The basis of the Mortal Instruments series revolves around a little known warrior race, the Shadowhunters. It is the job of the dwindling Shadowhunters to rid the world of demons. City of Bones may contain all the supernatural characters that you'd expect to find in a book of this genre:  fairies, vampires, werewolves, witches.  However, it's similarities end there.  Cassandra Clare paints a vividly accurate picture of each character without boring you with lengthy descriptions. 

What makes Cassandra's storytelling style unique is how she manages to combine the predictable dangers and drama that surround the main characters, with some very improbable surprises. She has this amazing ability to get you, the reader, to a point where you feel that the main characters are practically immortal, because they have survived so many impossible situations already.  Then, when you least suspect it, she reveals their humanity and shows you how easily they can be brought to their knees.  It was this rare skill which kept me at the edge of my seat throughout the entire book. 

Friday, April 27, 2012

Beneath the Shadows, by Sara Foster

Beneath the Shadows
Written by Sara Foster

"She took a deep breath, trying to quell the worry that was winding her nerves into knots.  Adam's note had unsettled her. 'Won't be long. I have to talk to you when I get back, don't go anywhere. A x.'" -- Chapter One, Beneath the Shadows, by Sara Foster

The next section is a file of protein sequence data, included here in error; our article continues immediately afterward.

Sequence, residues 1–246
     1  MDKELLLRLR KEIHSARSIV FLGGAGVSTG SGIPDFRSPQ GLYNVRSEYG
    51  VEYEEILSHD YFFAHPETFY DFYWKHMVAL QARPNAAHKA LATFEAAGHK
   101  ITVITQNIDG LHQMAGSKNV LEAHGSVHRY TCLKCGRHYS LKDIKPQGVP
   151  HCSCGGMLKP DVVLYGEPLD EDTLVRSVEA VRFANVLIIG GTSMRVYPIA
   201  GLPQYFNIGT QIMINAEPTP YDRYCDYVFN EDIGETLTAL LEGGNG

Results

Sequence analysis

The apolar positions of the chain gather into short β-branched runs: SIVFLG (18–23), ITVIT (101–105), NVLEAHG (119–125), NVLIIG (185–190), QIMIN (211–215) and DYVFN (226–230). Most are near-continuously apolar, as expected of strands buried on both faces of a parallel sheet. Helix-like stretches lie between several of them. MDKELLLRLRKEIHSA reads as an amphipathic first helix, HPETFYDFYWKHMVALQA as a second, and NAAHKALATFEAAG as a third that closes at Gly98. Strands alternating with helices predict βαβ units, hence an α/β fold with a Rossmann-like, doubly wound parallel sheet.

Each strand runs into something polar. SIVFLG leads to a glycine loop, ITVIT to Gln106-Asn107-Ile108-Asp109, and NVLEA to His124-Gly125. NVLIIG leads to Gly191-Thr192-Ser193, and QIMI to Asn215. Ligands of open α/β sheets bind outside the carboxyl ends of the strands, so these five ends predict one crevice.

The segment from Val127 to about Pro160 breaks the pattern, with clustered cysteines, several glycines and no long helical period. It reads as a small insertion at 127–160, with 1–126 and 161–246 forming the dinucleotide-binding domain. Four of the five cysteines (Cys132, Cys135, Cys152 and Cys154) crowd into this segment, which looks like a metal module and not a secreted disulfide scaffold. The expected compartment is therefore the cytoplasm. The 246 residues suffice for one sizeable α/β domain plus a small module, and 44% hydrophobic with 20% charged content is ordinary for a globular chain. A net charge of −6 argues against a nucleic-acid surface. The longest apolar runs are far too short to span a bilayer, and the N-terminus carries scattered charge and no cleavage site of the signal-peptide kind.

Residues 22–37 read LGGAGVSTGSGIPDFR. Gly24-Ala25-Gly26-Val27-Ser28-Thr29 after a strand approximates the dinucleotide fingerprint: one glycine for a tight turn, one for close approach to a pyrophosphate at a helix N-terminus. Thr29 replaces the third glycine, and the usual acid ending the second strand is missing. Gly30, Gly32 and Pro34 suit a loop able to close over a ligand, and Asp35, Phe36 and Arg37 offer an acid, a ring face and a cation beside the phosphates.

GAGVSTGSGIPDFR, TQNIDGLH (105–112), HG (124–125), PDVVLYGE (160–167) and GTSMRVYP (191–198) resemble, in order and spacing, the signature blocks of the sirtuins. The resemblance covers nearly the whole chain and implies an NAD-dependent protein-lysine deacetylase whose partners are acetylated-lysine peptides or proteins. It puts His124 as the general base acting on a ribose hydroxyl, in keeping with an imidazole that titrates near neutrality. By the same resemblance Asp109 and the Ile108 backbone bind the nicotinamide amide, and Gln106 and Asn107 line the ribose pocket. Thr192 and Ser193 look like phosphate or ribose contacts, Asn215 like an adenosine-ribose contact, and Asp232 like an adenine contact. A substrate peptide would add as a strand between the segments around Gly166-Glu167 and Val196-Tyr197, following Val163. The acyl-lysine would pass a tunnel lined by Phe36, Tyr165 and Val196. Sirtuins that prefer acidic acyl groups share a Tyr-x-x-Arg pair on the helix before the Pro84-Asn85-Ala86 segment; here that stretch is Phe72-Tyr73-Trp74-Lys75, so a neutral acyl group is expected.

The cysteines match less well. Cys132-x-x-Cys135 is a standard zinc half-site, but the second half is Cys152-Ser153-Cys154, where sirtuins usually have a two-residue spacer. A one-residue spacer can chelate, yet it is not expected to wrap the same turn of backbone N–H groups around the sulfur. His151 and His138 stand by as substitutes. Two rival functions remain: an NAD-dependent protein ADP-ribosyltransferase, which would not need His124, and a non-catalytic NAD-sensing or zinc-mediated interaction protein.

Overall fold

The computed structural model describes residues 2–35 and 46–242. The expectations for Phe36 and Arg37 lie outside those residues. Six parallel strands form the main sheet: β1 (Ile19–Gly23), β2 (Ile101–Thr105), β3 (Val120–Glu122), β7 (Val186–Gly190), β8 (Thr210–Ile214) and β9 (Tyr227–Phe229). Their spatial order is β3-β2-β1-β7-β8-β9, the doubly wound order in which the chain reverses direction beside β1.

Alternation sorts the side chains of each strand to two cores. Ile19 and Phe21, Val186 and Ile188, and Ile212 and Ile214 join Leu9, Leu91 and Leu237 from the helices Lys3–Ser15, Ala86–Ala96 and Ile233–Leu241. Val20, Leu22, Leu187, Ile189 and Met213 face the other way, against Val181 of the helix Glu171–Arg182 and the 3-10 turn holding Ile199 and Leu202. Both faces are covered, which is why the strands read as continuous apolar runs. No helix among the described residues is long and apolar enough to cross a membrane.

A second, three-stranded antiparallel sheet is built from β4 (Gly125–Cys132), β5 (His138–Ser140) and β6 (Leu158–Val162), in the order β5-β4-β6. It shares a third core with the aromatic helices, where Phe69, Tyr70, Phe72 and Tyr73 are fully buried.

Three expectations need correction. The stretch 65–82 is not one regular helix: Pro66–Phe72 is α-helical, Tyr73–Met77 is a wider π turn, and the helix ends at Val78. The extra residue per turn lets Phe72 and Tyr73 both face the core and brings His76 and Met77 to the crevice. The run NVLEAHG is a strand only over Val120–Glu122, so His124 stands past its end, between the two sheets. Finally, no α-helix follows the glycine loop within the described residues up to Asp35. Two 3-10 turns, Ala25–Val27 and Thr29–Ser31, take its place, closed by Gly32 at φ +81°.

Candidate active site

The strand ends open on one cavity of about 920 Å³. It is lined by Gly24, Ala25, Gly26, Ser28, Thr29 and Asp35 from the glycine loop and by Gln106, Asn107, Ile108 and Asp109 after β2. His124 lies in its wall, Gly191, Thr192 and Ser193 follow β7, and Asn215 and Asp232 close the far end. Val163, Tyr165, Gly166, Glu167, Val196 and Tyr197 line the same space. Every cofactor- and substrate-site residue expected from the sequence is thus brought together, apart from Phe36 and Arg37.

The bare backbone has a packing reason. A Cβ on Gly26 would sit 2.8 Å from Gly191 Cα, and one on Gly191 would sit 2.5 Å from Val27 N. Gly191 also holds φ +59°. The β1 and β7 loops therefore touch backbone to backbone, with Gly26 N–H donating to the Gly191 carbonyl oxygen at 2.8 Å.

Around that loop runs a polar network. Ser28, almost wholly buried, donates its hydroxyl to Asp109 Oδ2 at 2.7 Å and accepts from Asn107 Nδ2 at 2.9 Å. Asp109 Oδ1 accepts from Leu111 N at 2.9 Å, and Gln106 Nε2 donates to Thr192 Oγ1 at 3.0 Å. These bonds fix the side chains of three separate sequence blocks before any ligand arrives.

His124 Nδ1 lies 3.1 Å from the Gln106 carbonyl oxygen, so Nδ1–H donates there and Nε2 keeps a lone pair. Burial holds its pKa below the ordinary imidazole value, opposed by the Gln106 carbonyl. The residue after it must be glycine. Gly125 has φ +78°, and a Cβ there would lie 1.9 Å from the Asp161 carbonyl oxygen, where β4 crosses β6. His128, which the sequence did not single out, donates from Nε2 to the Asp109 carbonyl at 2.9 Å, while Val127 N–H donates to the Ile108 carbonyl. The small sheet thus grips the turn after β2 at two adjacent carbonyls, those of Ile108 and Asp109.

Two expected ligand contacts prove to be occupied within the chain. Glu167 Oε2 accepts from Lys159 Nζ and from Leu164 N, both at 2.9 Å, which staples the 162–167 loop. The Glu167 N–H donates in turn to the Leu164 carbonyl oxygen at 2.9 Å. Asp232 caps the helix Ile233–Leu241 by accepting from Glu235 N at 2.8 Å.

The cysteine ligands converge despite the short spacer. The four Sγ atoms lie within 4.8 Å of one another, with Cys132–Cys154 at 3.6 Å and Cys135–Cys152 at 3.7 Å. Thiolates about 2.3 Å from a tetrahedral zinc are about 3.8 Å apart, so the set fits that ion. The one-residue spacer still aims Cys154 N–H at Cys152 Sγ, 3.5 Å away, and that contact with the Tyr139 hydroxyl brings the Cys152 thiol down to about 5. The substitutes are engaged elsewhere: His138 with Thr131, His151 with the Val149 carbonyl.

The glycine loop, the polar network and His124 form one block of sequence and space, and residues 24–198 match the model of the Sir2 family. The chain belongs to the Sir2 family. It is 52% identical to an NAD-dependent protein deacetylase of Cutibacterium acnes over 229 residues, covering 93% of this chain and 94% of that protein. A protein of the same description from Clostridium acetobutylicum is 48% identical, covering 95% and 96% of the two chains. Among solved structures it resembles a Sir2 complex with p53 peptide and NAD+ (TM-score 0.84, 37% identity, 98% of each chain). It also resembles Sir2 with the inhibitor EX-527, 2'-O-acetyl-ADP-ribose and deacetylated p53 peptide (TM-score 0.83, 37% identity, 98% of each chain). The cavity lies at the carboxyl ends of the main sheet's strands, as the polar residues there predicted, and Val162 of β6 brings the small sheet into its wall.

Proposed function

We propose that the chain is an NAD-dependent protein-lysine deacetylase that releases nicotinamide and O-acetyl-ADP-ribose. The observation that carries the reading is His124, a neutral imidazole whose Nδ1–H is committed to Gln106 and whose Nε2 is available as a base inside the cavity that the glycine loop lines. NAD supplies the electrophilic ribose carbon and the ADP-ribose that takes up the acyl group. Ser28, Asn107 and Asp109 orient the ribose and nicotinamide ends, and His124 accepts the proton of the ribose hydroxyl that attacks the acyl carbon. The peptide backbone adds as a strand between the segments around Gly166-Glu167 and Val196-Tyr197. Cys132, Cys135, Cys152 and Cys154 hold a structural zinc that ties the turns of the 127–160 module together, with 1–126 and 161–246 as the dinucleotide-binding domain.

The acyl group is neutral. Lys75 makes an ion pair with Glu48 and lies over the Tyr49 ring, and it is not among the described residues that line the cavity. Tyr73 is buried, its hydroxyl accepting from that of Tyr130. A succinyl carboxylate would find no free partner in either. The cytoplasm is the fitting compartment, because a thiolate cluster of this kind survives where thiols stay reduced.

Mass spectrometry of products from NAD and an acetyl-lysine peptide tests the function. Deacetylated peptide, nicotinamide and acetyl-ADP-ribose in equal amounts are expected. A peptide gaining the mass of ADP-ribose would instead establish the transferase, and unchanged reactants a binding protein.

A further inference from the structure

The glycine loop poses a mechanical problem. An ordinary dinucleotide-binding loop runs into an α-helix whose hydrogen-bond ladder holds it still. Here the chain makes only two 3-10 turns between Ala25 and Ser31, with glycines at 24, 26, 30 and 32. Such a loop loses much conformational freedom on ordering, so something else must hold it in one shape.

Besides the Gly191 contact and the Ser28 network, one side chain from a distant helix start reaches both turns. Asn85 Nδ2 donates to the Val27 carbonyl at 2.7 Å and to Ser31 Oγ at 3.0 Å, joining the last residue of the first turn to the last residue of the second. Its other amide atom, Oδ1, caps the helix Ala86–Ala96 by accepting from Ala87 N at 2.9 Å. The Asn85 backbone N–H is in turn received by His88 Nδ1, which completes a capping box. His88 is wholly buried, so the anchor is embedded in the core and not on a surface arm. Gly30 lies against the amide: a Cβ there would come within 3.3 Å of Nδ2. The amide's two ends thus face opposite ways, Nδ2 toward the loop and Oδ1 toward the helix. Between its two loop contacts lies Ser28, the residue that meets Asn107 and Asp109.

When I found out that I was the lucky winner of an advance copy of Beneath the Shadows, I got excited.  I had read the summary of the book and I had been anticipating it's release this summer.  When I found out I'd get to read it a month before it hits the shelves, I began anxiously awaiting it's arrival in the mail.  It's always fun to read new authors, but I still cannot believe that this was Sara Foster's debut novel! Her poignant writing, leaves me restless with anticipation of her next novel. Beneath the Shadows was brilliantly told, and the characters instantly draw you in. You won't regret picking this one up and whiling away a hot summer day on the couch. 

I literally could not put this book down.  I started reading it the first chance I got yesterday, and I was reading it every spare second for the rest of the day.  I just barely managed to finish it before bed-time last night. 

Beneath the Shadows kept me in thick suspense as Sara wove a story about a woman, Grace, in her determined search to find out how and why her husband, Adam, disappeared a year ago.  I loved how there was just enough foreshadowing to hint at who may have been involved in Adam's disappearance, but it was handed out in such a clever way that it added to the anticipation. In an attempt to carry on with her life after the baffling disappearance of Adam, Grace returns to the place of his disappearance in a hope of finding the answers she so desperately needs.  More importantly, she hopes to find peace so she can move on and raise their daughter Millie, who was born just a few weeks before the disappearance and may never know her father.